So what? Their economy could be shrinking by 90%, and yet some of their policies could still be beneficial for NZ to adopt. Another country could be experiencing outrageous growth & yet it may be unwise for NZ to adopt their policies. You need to separate correlation from causation.

  8. jimbo 8

    So relative wealth does not matter – is that now the position here?

    Seems a bit at odds with various other default positions trotted out here.

    • Quoth the Raven 8.1

      This is what I said to you in another thread:
      Thirdly, you do realise it’s not just our nation against a stagnant world – that we can move down the rankings without anything getting worse here. You know its relative to other nations.
      And you never acknowledged that point prefering to change the argument.
      You’re an idiot.
      Our economy will be getting worse and we may move up the rankings because it’s relative. When labour was in power we moved down the rankings (though no one has ever provided me with a link to any first hand data from the OECD to show this) as our economy improved. What’s the better situation? Or will you admit that this single ranking of many is not the most important thing for a country.

  9. jimbo 9

    BLiP re Cullen: Yes, that must be it.

    • sally 9.1

      To be more precise: Cullen resisted calls from the National opposition to spend the Government’s surplus on tax cuts, and hence the recession hit us with less impact than other economies.

      I think it’s fair for the good doctor to take some of the credit for that.

      • higherstandard 9.1.1

        Cullen did well paying down debt this must however be balanced against the continued growth in government spending elsewhere which was far less praise worthy.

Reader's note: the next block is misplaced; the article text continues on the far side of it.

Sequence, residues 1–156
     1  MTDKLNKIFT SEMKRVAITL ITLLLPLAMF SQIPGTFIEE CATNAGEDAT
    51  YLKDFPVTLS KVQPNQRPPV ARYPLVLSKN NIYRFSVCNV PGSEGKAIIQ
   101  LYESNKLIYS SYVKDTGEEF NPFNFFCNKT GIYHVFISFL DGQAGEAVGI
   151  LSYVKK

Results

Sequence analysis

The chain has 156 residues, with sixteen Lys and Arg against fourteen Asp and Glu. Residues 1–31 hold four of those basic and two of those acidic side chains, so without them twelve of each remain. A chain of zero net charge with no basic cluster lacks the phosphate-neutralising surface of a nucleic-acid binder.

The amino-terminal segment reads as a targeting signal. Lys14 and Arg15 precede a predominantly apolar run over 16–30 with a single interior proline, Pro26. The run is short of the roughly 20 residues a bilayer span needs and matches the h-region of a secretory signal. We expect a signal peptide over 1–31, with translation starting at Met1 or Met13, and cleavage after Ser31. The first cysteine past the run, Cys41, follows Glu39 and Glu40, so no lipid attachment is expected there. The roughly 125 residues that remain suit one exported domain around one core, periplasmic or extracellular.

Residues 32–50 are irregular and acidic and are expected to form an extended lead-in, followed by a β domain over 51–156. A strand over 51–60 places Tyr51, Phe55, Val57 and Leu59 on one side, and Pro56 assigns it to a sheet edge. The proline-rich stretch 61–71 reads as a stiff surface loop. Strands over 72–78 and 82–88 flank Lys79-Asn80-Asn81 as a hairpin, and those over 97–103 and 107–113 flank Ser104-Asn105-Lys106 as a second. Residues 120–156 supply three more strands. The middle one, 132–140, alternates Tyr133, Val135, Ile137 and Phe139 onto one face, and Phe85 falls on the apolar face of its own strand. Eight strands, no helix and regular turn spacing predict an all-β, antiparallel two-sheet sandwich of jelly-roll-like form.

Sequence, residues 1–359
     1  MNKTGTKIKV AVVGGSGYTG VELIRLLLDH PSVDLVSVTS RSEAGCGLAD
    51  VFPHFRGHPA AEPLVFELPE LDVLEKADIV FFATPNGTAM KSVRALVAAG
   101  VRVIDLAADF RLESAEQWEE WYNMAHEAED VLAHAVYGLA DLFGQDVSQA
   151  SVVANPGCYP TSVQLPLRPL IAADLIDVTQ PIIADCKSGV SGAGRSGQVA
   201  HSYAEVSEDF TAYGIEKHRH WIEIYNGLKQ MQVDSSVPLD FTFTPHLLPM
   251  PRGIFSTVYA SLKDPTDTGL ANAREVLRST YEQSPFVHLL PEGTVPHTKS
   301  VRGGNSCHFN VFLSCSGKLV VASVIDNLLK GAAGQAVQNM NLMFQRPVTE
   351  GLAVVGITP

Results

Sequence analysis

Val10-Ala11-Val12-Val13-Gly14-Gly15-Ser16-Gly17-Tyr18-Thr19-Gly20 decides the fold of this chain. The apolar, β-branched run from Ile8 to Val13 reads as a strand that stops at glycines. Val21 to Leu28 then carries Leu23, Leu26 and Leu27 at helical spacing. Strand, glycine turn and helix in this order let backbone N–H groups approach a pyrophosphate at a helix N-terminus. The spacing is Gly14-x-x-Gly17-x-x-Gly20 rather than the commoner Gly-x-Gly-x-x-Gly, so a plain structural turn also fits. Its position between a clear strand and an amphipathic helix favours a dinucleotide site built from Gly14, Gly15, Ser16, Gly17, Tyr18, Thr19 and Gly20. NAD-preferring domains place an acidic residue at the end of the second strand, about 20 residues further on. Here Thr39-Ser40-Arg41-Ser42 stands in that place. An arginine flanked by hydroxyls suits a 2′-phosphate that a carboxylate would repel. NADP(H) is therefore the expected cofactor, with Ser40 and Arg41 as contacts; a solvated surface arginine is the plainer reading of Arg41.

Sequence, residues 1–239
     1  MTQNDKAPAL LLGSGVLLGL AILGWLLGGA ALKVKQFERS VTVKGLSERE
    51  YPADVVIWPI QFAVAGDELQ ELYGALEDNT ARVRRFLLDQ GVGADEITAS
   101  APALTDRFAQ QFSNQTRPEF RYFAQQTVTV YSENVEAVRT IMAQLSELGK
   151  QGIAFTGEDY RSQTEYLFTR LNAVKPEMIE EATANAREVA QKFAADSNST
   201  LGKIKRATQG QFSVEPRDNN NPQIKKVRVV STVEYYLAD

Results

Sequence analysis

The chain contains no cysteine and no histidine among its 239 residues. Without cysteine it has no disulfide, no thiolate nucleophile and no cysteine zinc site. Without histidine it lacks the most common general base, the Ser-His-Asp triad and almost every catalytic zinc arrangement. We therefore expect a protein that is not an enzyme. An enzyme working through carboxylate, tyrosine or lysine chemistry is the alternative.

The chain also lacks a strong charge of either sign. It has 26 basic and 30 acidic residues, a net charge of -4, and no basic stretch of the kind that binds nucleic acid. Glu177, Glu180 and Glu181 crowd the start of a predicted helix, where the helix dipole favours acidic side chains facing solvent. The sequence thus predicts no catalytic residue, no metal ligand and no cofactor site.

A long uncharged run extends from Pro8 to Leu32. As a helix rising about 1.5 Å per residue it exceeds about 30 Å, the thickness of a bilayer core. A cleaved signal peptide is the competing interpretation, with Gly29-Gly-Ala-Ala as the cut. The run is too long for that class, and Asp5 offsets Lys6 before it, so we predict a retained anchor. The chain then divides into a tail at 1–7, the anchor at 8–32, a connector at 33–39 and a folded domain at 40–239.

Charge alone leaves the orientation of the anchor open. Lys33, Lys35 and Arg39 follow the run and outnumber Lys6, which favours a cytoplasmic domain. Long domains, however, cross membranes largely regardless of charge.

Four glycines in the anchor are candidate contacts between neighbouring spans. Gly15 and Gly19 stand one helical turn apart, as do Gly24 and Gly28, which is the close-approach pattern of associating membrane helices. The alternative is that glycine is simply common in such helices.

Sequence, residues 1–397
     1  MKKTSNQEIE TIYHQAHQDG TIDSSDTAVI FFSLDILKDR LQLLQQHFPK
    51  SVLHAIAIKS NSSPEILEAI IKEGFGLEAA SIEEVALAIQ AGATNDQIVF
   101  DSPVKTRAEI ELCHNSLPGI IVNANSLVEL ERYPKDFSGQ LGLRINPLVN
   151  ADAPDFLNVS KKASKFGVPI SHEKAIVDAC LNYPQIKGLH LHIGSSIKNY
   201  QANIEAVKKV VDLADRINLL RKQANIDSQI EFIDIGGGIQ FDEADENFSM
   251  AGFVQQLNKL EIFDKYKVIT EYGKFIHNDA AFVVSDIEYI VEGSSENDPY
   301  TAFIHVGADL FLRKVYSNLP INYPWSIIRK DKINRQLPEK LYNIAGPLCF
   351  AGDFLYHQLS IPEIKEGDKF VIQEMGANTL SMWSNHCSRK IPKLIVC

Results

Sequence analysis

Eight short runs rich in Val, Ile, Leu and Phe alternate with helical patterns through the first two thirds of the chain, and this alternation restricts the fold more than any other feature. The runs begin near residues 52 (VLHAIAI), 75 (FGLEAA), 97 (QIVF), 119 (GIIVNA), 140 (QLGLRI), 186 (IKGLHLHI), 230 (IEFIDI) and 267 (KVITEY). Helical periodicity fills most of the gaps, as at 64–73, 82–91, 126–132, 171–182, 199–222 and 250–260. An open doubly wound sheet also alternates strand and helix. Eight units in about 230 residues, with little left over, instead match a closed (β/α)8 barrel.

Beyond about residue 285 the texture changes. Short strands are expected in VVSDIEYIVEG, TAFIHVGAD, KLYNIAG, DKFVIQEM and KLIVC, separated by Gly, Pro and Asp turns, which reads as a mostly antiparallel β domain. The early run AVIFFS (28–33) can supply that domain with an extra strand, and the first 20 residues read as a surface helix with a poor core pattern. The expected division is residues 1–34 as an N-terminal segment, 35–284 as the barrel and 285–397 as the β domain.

• Quoth the Raven 9.1.1.1

          Government speding did increase but government spending as a percetnage of GDP was still less under Labour than under the previous National government and of course it will be less than the spending of this government.

  10. Snail 10

    Well said, sally.

    it having been the good doctor’s own originating decision perhaps we might grant him ALL of the credit for that..

  11. randal 11

    what sort of language are you dudes talking
    nz is a low wage price taking agricultural economy and you are carrying on like there is some greater mystery than this
    get off ya bums ya bums and make some suggestions about how to create wealth instead of carrying on like constipated fleas

  12. QoT 12

    Jesus Christ, it’s almost like OECD rankings are comparative and thus can radically change with little or no input from a single country!

    Being at the bottom doesn’t matter if you’re doing really well and the others are just doing better* and being at the top doesn’t matter if everyone’s pretty much up to their necks in crap anyway.

    OH GOD I HATE COMPARATIVE STATISTICS.

    *Okay, unless you’re just in it for the competitive dick-measuring aspect.

  13. Has anyone told Key that Singapore is a dictatorship with a fairly extensive Amnesty International rap sheet?